What Sweatheart Of The Rodeo did do, according to Hillman, was “open the floodgates to the country-rock genre.”
By the fall of 1968, Gram and Hillman had both left the Byrds and were living in a house together in the San Fernando Valley, writing songs for what would become the Burritos’ first album, Gilded Palace Of Sin, which was released in February 1969 on A&M.
“I had two great years with Gram,” says Hillman. “Gram was on top of his game. He was fun to work with. Gram as a songwriter had an amazingly bright and funny way of looking at things. For two years we were like brothers.
“Here we were living together in this San Fernando Valley house, both coming off failed relationships. We had this bond together and we started writing songs.”
The duo penned classics like “Christine’s Tune” and “Sin City.” Hillman says Gram opened him up to new musical approaches by choosing interesting material like the soul song “Do Right Woman (Do Right Man).”
“It was Aretha Franklin’s big song at the time, but we did it country. That was the genius of Parsons. He got me into looking beyond the country parameters into R&B and making that work. That was really brilliant.”
Writer Stanley Booth chronicles this period of the Burritos in his book, True Adventures Of The Rolling Stones. Around this time, Gram began hanging out with the Stones, who were living at 14 Oriole Drive in Los Angeles and finishing Let It Bleed while rehearsing for their U.S. tour in November.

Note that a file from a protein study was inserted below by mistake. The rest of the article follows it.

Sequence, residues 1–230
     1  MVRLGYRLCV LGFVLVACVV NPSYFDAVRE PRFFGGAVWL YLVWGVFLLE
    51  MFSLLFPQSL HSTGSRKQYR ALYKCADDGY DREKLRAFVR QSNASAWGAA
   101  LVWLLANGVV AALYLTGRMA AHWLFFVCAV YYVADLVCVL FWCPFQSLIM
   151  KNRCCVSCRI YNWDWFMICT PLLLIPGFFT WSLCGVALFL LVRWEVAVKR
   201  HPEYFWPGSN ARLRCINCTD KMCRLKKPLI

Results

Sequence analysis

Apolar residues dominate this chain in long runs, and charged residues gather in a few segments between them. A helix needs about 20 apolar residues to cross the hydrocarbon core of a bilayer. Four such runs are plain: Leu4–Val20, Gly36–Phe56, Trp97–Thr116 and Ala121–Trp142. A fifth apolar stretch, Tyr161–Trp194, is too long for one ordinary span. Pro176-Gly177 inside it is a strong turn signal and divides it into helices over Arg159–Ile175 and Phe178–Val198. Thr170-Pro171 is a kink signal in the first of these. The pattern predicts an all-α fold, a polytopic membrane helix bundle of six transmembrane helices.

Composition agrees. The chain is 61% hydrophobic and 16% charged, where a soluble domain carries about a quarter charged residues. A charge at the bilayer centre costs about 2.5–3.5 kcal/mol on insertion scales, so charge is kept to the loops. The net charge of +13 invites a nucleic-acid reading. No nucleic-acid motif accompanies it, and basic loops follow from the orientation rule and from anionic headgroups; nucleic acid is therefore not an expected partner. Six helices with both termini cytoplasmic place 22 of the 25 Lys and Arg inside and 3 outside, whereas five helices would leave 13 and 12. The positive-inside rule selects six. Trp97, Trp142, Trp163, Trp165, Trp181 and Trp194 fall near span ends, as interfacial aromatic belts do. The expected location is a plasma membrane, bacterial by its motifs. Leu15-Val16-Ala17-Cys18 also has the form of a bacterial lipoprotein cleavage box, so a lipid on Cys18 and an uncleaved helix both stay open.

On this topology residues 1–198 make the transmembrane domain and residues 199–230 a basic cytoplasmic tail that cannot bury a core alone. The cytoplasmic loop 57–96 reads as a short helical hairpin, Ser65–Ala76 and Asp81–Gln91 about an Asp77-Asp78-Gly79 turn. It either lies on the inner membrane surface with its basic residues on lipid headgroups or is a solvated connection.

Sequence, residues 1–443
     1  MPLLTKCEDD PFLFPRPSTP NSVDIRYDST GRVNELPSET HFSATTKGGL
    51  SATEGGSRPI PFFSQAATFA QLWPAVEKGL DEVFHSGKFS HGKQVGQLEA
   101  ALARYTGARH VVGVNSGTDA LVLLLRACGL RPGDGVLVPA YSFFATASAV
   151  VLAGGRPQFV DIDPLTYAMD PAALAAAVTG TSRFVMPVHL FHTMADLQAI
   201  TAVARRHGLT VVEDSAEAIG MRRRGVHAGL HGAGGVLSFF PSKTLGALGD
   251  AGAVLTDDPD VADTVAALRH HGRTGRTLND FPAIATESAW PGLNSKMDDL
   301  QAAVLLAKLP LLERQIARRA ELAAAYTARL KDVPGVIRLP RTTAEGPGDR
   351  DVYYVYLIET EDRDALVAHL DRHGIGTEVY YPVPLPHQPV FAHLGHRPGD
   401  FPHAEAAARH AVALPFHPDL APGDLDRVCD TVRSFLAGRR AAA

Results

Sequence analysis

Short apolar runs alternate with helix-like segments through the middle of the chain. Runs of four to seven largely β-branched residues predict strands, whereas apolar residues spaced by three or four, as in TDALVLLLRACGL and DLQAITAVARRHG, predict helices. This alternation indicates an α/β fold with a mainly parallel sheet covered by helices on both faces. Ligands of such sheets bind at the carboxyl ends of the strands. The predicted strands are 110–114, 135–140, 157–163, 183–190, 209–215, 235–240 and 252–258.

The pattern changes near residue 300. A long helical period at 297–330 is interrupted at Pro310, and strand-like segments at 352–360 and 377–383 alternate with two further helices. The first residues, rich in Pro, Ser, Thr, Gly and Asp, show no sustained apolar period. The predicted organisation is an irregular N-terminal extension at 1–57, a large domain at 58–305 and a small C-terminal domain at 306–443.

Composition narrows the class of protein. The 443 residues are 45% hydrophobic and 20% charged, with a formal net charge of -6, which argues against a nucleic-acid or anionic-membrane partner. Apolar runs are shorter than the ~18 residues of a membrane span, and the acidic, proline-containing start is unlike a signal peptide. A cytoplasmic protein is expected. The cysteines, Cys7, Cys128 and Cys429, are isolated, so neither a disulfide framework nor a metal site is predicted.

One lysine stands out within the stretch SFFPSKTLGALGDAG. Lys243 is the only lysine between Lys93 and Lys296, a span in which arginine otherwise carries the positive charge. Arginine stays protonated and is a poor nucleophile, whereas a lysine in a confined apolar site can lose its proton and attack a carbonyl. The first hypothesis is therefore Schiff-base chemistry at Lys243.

Gram and the Burritos were playing honky-tonks around L.A., to small but faithful audiences. Booth describes a night of watching the Burrito Brothers at Huntington Beach’s Golden Bear venue. “You all are really going to be a success,” Booth told Parsons after the first set. “I think we already are,” replied Gram.
“There were a lot of guys out here in California in the late ‘60s – singer-songwriters like Glenn Frey, John David Souther, Don Henley,” remembers Hillman. “All these guys would come watch The Flying Burrito Brothers play. I remember Glenn would come and sit in the audience and watch us.
“The greatest legacy of the Flying Burrito Brothers and Gram is we were the alternative country band. We couldn’t get on country radio and we couldn’t get on rock radio! We were the outlaw country band for a brief period,” says Hillman.
In the summer of 1971, Gram joined Keith Richards and The Rolling Stones at the Villa Nellcôte in southern France, as they began work on their classic album, Exile On Main Street.
“I just had the feeling this man was about to come out with something remarkable,” writes Keith Richards of their time together in France. Gram had some of the material that would later be released on his solo albums, but mostly the two of them sang and played classic country songs together.